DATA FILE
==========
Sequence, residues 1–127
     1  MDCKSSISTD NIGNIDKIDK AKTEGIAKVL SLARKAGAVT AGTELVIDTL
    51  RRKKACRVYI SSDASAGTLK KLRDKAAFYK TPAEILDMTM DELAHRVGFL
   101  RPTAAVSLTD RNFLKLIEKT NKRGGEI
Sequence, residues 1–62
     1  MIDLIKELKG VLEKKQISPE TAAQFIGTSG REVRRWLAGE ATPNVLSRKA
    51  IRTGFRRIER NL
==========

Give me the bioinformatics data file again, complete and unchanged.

Sequence, residues 1–127
     1  MDCKSSISTD NIGNIDKIDK AKTEGIAKVL SLARKAGAVT AGTELVIDTL
    51  RRKKACRVYI SSDASAGTLK KLRDKAAFYK TPAEILDMTM DELAHRVGFL
   101  RPTAAVSLTD RNFLKLIEKT NKRGGEI
Sequence, residues 1–62
     1  MIDLIKELKG VLEKKQISPE TAAQFIGTSG REVRRWLAGE ATPNVLSRKA
    51  IRTGFRRIER NL